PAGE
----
Even before the pandemic, protest movements had emerged and the term appeared tourismphobia, but the experts consulted agree that it is not about going and regulating against a key sector for the economy, but about manage. «The problem is the concentration on periods and destinations. Prohibiting can give tourists an image that they are not welcome when what needs to be done is take measures so that tourism generates wealth and progress,” says Abella from the Tourism Board.

To diversify

«The touristification phenomenon is exacerbating in many cities such as Madrid, Valencia, Seville, Lisbon or Barcelona and in natural spaces. Social networks and influencers or the appearance of a place in a movie have a knock-on effect for hundreds of people looking for the photo and who want to go to the same place on the same days. I would bet on doing a prior study of the load capacity, or rather, of the reception capacity of each natural space or a municipality, to calculate the number of visitors (both in total figures, as well as sizing of groups and frequencies, as well as visitable times of the year and definition of critical areas (nesting, etc.)”, explains Carlos Calderón , responsible for the Master in ecological and sustainable tourism management at the Polytechnic University of Madrid.

Another solution proposed by those consulted is diversify the tourist offer to escape the sun and beach destination that attracts tourists to the same areas and at the same times of the year. «The lack of development of alternatives means maintaining the “low-cost” tourism model in Spain evidenced in cases such as those in the Canary Islands in recent months and highlighted in the British media. This may lead to taking the opportunity to other alternative destinations in North Africa, for example, which may be equally competitive. We must value rural, nature and cultural tourism as attractive options and develop ecotourism,” concludes the UPM professor.

End of the world tourism

The recent annual meeting of the Antarctic Treaty, which was held a few weeks ago in the Indian city of Kochi, has seriously dealt with the issue of the massive arrival of visitors to the frozen continent. Although tourism is one of the two commercial activities allowed in this remote area (the other is fishing), the arrival of 120,000 tourists this year and 100,000 in the past has set off alarm bells and made the debate on possible regulation a priority. «It has been decided for the first time to create a working group on the subject. There has been tourism since 1959, but we are very concerned about its increase. There is little information about the cumulative impacts of tourism, but what happens here is that all people go to the same areas and there is no technical regulation of this activity,” says Antonio Quesada, member of the Spanish Polar Committee. The work time frame that has been established for the new group is eight years and “we want the protocol that emerges to be mandatory.”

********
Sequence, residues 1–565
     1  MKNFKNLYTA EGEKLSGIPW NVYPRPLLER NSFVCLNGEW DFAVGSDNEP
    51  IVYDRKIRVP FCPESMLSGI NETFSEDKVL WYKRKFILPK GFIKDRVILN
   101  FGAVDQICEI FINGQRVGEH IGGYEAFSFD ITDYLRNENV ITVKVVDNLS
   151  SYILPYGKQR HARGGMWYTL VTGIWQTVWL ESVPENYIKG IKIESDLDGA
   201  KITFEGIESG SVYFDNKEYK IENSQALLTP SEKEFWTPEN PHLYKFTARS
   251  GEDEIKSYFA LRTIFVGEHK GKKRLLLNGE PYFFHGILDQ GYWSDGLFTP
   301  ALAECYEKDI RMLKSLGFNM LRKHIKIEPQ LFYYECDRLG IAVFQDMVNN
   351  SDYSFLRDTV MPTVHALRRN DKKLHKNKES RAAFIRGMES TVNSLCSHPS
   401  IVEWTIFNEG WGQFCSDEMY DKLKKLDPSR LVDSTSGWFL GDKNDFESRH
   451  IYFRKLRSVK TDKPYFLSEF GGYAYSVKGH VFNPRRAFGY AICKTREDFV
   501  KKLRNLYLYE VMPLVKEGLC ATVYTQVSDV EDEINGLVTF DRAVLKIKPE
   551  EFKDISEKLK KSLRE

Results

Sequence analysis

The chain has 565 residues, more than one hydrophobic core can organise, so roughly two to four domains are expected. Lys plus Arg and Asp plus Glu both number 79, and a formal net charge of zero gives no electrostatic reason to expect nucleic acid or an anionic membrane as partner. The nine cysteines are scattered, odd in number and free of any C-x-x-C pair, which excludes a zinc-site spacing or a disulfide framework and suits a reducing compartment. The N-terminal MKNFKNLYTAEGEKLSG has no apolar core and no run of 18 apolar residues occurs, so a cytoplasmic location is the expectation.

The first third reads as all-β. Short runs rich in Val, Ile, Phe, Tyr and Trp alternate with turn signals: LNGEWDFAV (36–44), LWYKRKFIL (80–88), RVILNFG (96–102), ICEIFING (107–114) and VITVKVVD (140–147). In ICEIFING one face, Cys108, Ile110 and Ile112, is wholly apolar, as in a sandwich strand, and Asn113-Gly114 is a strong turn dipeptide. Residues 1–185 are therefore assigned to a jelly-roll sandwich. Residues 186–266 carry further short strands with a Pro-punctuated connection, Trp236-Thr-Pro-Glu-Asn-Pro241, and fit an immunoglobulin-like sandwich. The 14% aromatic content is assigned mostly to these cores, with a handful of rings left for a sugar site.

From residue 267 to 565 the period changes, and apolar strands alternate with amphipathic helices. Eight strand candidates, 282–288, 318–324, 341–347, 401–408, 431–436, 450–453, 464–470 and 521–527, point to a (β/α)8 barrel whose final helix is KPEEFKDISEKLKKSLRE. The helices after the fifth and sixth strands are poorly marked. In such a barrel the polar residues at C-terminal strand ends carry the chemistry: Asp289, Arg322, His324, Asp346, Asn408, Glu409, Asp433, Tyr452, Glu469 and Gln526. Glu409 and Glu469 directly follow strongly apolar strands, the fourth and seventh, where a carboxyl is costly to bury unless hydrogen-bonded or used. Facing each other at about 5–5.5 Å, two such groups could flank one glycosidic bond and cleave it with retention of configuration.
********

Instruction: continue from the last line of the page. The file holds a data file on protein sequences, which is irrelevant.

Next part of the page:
There is tourism that some have called end-of-the-world tourism that attracts thousands of tourists each year, with very high purchasing power, to virgin spaces like Antarctica. The same thing happens to the Galapagos Islands, a special conservation area, where the population lives off tourism, but which is increasingly a hive of visitors: up to 300,000 a year. This 2024, the government has doubled access fees to the islands to minimize the number of arrivals: «The number of cruise ships and boats that can operate in the coastal waters of the islands has been limited. We must prevent problems such as boat collisions with marine fauna from increasing. “And between 12 and 20% of the sea turtles inventoried showed damage in various studies carried out by the Charles Darwin Foundation,” explains UPM researcher Carlos Calderón.

If you only love what you know, attracting visitors to natural spaces can serve to raise awareness, but where is the limit of tourism? When is it too much? The images of the peak of Everest with long lines of climbers waiting to crown the roof of the world and the amount of garbage that accumulates have been circulating around the world for several years and generated a debate about what is happening in this remote area of ​​the world. The least it seems dangerous for people, as well as a threat to this space.